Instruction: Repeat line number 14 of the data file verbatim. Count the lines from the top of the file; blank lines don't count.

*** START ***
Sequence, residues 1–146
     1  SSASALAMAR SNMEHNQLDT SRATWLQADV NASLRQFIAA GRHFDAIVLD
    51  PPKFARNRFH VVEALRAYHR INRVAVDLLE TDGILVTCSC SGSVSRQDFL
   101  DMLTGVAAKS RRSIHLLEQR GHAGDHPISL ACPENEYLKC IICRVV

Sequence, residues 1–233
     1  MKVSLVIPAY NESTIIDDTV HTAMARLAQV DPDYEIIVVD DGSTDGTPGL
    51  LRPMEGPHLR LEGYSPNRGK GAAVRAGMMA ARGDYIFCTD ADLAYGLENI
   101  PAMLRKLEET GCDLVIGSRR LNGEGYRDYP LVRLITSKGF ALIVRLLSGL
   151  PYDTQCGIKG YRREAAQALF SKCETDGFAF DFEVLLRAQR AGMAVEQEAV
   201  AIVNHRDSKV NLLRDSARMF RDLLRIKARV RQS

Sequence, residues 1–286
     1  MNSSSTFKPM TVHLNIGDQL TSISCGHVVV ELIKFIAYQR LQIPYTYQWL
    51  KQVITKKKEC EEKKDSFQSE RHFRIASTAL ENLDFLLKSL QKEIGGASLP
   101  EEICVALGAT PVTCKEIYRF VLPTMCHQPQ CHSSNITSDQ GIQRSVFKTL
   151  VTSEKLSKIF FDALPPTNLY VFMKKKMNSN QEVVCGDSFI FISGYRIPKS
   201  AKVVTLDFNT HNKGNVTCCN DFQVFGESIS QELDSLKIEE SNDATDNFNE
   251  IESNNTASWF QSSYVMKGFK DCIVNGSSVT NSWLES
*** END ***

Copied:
   101  EEICVALGAT PVTCKEIYRF VLPTMCHQPQ CHSSNITSDQ GIQRSVFKTL